Author: Francis Farragher
~ 2 minutes read
Country Living with Francis Farragher
We’ve all read the articles and books about taking the simple things of life for granted like simply waking up in the morning, breathing, being reasonably healthy and enjoying a good night’s sleep but after a minor little setback a week or two ago, I have another to add to the list.
A relatively minor slip in the farmyard one morning took my right thumb out of action for the best part of a week. Nothing too serious . . . a bit of swelling and pain with the ‘bonus’ of busted nail thrown in for granted.
Of course, the ‘man factor’ has come into the equation here and it brings to mind a word used if ever as kids we cried too much if we fell off the bike or cut our fingers when picking stones. (In those days, gloves didn’t figure on any rural shopping list for adults not to mind children).
“Come on, stop cryin’ and don’t be such a peata,” was what we really didn’t want to hear as the tears gradually melded into a sulk so we had to ‘man up’ and accept our little setbacks. However, whether justified or not, most of us males are accused by the ‘other sex’ of feeling really sorry for ourselves if the nose starts to run; the chest wheeze returns; or the dodgy back starts to play up again.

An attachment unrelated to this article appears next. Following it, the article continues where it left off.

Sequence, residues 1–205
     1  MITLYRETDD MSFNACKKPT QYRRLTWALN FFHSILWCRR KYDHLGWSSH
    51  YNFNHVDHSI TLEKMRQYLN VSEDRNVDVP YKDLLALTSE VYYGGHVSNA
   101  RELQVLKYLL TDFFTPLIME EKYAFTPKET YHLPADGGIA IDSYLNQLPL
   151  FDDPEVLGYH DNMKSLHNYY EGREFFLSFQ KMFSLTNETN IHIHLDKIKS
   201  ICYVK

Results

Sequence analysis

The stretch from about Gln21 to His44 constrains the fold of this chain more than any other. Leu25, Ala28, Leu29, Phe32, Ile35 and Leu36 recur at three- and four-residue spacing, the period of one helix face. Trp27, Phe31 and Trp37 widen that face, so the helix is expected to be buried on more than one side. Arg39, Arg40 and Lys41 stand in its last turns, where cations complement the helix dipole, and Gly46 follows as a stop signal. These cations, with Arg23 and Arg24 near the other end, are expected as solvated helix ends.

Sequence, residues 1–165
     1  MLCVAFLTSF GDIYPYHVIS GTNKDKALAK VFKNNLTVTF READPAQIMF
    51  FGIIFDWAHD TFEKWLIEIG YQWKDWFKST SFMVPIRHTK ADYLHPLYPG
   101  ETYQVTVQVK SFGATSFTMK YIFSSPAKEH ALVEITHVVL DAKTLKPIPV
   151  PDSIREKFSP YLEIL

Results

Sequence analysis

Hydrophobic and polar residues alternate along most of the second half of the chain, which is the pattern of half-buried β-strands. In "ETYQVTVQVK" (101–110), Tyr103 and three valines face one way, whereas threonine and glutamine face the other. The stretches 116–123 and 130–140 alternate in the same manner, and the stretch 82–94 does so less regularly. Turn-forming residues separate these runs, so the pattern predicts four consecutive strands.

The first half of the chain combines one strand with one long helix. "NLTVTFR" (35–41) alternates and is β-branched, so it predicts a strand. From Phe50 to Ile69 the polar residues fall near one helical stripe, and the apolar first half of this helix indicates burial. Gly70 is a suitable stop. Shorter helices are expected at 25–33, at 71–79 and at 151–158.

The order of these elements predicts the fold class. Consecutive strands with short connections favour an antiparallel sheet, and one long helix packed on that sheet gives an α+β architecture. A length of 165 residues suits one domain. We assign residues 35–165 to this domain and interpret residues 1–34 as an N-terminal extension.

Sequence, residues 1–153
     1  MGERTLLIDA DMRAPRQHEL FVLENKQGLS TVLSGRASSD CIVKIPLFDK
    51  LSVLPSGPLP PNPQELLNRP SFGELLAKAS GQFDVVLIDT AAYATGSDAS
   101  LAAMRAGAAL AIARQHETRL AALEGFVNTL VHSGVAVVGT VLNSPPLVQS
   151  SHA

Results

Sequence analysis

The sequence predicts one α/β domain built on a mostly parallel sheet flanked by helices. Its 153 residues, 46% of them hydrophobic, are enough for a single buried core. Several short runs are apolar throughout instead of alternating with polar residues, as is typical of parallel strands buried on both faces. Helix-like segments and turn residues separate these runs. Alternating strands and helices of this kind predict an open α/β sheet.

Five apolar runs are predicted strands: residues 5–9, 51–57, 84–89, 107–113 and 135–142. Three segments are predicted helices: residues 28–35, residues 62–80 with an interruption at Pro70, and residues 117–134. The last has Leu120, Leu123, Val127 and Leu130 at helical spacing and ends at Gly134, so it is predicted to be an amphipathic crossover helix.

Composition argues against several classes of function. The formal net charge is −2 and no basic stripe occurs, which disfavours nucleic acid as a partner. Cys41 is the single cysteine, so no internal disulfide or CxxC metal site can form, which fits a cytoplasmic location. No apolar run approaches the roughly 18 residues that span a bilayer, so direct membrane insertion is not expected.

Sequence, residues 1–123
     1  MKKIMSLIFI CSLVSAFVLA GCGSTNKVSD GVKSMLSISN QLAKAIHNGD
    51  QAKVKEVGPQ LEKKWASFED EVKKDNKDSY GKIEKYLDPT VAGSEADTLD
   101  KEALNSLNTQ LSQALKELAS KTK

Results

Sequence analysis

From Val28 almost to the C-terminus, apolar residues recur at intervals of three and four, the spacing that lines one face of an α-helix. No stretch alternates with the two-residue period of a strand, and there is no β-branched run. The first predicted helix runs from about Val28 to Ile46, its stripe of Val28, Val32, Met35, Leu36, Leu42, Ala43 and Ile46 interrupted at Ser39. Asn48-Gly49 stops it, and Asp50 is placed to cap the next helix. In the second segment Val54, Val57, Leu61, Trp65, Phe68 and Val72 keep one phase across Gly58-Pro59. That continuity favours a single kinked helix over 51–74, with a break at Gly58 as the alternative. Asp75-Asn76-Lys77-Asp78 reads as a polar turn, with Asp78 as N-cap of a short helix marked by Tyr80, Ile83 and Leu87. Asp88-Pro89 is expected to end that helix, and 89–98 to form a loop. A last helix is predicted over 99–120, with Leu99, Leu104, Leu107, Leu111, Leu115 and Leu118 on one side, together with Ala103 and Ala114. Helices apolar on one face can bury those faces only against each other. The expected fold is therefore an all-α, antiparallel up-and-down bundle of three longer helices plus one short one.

Those are my pleas of mitigation as I looked down fretfully at a right thumb which would do absolutely nothing for me in terms of the routine tasks that such a humble little limb undertakes without a grumble day-in, day-out.
It all started with trying to close the shirt button on the left cuff, a completely impossible task, without the right thumb while an effort at shaving with the left hand alas drew blood on more than one occasion.
As my respect for my right thumb grew with each passing minute this was matched by absolute disdain at how useless my left hand was. An attempt to cut open an envelope with a scissors, albeit a slightly blunt one, using the ciotóg proved to be a fruitless exercise as I realised that for the past part of a half-century, this left hand had generally gone through a life of idleness.
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